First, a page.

Do you have any advice for would-be jogglers?

MEYER:  For training: After having trained sufficiently to look “through the beanbags” on even and smooth surfaces, try more difficult tracks with potholes, creeping tree roots on the ground and “show them that they cannot trick you”.

In races: I mostly start at the end of a startfield. This is more relaxed to begin with, it is easier to get over the natural nervousness and to quickly find your own rhythm.

Where do you see the sport of joggling in 10 years?

MEYER:  One of my dreams is, joggling becoming an Olympic discipline. But at first, I think, we should support the implementation of joggling into physical education lessons at schools. And we should help to make known the good effects of joggling on health, recreation, concentration, neurophysiological effects etc.. This would increase the popularity of joggling and would help to break down the barrier that joggling is something exotic and too hard to learn.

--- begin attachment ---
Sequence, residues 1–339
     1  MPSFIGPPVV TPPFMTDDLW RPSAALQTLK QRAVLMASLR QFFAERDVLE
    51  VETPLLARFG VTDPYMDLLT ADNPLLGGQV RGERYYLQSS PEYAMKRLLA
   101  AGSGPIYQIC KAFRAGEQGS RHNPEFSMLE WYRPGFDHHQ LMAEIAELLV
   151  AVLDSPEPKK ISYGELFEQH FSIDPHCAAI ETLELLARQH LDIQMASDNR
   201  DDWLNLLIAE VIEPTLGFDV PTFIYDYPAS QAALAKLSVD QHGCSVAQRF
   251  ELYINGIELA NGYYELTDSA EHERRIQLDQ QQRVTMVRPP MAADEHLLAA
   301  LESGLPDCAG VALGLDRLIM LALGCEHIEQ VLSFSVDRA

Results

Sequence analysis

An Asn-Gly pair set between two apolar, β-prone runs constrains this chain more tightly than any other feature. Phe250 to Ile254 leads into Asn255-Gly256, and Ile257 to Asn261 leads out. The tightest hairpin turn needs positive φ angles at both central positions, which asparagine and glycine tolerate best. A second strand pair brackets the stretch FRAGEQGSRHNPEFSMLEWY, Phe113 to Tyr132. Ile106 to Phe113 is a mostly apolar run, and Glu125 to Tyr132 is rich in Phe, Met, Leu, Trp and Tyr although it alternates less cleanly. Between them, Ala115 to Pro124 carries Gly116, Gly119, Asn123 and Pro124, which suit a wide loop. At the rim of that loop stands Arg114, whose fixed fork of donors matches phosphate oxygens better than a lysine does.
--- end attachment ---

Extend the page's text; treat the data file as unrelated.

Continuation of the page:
How important is it to you to stick out of the crowd during a race?

MEYER:  Despite the fact that it’s nice to be in the focus, the more important factor is to promote this sport and make it known to as many people as possible. To reach this effect, it’s vital not to bathe in your singled-out position, but to be happy to share it with more fellow jogglers in the future. This creates an inner dialogue we all have to face.

Thanks Peter!  Good luck with your joggling adventures in the future and keep us posted on how you’re doing. You can also see Pete’s joggling website here. And go here for more for more joggling interviews.

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Jogglers Journal – Running Streak Day 350

by Average Joggler on November 3, 2009

Day 350 of a quest to joggle at least one mile for 1000 days in a row.

Summary: An easy recovery run today. My legs are still a bit sore from yesterday’s Hot Chocolate 15K, but I felt strong and the the weather beautiful for running. I love running in this cooler, Chicago fall weather. Let’s just hope my legs hold up for the Philadelphia marathon in a couple weeks.

Weather: 55F, partly cloudy

Distance: 2.0 miles – Bucktown Recovery Run

Time: 4:45 pm

Run time: 15:13

Listening to: Nothing – no headphones

Weight: 191 lbs

Drops: 1

Condition: Felt good but sore

Shoes: Asics – 146 miles

Joggling Streak Day 350 on